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Life IS history in the making. Every word we say, everything we do becomes history the moment it is said or done. Life void of memories leaves nothing but emptiness. For those who might consider history boring, think again: It is who we are, what we do and why we are here. We are certainly individuals in our thoughts and deeds but we all germinated from seeds planted long, long ago.

Monday, April 28, 2014

Maryland: Crossroads

This Day in History: April 28, 1788

aka the Free State,  the Monumental State
Historic Baltimore City Hall - photo © Wally Gobetz on Flickr -
noncommercial use permitted with attribution / no derivative works.
The official motto of Maryland is the Italian motto of the Calvert family - "Fatti maschil, Parole femine" (loosely translated as "Strong deeds, Gentle words"). 
The Old Line State
The nickname for Maryland is The Old Line State. According to popular tradition, General George Washington bestowed the name "Old Line State" and thereby associated Maryland with its regular line troops (the Maryland Line) who served courageously in the American Revolution. It remains a tribute to the Maryland Line's reputation of honor, reliability, and valor.
The Monumental State
In the early 17th century, Baltimore was given the nickname "The Monumental City" and this nickname was transferred over time to the state. "The Monumental City" was bestowed upon Baltimore by President John Quincy Adams in reference to the monuments he saw on his visit to the city in 1827—the Battle Monument & the Aquila Randall Monument.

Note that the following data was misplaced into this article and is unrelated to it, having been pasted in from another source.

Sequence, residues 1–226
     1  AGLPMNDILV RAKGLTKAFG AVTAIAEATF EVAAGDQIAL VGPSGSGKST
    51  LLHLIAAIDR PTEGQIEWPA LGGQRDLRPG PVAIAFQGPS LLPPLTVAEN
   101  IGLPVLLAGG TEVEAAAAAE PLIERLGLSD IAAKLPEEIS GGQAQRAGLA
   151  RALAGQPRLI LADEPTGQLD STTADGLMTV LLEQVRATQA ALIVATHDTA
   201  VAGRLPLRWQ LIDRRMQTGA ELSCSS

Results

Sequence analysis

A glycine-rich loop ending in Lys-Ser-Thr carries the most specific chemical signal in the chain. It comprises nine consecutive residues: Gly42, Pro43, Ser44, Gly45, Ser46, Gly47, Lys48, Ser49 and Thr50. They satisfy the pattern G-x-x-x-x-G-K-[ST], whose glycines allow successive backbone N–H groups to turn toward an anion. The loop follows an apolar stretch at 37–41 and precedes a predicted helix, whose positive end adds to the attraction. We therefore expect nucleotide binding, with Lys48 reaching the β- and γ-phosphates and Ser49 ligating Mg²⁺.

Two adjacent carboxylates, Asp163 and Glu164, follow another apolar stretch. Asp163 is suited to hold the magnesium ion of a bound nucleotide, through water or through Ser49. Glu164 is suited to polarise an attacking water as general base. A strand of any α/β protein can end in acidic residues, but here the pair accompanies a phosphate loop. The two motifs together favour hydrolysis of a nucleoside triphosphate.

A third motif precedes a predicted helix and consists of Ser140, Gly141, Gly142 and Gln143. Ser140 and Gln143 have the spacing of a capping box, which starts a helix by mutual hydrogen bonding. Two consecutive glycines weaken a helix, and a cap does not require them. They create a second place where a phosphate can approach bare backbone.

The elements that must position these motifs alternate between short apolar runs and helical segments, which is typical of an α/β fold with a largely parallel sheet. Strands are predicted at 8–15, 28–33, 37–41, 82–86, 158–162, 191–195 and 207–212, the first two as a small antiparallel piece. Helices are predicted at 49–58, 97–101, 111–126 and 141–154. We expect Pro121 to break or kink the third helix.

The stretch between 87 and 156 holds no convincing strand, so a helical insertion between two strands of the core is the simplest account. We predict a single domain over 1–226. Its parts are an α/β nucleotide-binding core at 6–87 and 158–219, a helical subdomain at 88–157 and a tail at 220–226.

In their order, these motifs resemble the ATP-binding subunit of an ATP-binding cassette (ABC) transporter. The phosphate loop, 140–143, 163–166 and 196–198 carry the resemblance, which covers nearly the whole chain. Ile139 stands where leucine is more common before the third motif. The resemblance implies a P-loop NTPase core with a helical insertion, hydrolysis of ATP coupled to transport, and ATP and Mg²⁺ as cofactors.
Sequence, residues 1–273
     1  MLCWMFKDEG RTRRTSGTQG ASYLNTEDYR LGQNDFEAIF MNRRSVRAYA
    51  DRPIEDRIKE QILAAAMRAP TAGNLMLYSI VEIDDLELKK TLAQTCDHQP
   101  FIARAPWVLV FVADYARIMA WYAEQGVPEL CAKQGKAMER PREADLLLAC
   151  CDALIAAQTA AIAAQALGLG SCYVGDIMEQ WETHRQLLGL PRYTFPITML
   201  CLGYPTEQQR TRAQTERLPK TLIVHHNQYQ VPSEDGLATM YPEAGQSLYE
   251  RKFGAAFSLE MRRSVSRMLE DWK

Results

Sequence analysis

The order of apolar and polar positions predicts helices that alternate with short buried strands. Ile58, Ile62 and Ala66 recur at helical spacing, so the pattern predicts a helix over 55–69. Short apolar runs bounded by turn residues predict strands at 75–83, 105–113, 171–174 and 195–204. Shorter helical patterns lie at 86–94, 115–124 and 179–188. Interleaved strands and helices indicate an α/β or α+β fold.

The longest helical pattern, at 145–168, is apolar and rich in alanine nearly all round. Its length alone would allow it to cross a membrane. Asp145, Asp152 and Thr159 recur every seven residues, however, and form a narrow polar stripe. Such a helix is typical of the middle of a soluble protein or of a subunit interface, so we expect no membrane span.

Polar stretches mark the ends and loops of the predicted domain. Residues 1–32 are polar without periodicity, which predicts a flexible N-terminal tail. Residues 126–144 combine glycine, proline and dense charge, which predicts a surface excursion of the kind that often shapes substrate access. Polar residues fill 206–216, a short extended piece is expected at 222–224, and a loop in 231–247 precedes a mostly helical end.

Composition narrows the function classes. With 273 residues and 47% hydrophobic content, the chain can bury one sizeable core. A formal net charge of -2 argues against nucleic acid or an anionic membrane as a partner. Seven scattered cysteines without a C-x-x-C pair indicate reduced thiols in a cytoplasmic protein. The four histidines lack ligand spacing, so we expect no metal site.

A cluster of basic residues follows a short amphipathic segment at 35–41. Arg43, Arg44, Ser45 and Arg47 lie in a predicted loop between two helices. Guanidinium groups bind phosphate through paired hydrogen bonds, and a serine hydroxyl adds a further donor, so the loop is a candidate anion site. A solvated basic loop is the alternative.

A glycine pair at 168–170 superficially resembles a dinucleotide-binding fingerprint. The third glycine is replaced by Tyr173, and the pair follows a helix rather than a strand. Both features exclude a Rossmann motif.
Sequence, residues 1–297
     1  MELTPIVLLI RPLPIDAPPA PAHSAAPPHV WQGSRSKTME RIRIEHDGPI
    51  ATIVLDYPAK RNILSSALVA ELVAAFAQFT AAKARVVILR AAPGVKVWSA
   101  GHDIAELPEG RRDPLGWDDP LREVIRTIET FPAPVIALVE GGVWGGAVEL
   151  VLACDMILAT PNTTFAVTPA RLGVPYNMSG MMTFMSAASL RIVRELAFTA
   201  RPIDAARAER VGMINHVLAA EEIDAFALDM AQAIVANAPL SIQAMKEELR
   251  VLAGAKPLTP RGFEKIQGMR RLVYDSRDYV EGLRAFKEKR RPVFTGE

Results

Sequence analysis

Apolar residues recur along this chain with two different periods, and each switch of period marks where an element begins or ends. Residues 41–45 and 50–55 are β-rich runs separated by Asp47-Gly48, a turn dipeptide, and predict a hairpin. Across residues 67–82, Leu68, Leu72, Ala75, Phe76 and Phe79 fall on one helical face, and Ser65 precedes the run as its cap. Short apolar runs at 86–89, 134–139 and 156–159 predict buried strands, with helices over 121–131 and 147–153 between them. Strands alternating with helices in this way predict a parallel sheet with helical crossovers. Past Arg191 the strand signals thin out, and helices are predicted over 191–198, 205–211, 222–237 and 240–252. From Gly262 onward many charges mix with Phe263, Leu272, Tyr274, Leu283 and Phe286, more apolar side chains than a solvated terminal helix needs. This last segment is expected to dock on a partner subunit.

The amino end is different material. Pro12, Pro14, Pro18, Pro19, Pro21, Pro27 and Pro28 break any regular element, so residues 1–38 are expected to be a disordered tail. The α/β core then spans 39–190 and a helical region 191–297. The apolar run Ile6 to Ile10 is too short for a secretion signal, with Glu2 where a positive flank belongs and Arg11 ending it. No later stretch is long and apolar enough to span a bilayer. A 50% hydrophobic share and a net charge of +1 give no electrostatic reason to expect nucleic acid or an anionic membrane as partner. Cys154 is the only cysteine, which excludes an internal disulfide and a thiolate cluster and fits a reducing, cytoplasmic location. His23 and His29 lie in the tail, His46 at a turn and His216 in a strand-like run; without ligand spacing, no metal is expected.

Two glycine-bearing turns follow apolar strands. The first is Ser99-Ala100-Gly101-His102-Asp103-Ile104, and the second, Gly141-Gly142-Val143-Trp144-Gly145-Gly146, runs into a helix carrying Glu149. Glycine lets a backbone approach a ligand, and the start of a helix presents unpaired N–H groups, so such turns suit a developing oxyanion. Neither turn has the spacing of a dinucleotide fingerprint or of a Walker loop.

The Free State
Maryland was first recognized as a "Free State" on November 1, 1864. On that date, the Maryland Constitution of 1864 took effect. By its provisions, slavery within the State's borders was abolished, and Maryland, indeed, became a free state. To celebrate the emancipation, under direction of the Baltimore City Council, five hundred guns were fired, bells were rung, and flags displayed "to attest the joy of the people at their great deliverance."

Aerial America: Maryland & Delaware
Maryland was one of the thirteen colonies that revolted against British rule in the American Revolution. On February 2, 1781, Maryland became the 13th state to approve the ratification of the Articles of Confederation which brought into being the United States as a united, sovereign and national state. On April 28, 1788, it became the 7th state admitted to the U.S. after ratifying the new Constitution. In December 1790, Maryland donated land selected by President George Washington to the federal government for the creation of the new national capital of Washington, D.C.
[The thirteen colonies were: Delaware, Pennsylvania, New Jersey, Georgia, Connecticut, Massachusetts Bay, Maryland, South Carolina, New Hampshire, Virginia, New York, North Carolina, and Rhode Island and Providence Plantations]

Maryland is located in the Mid-Atlantic region of the United States.
Its history as a border state has resulted in the state exhibiting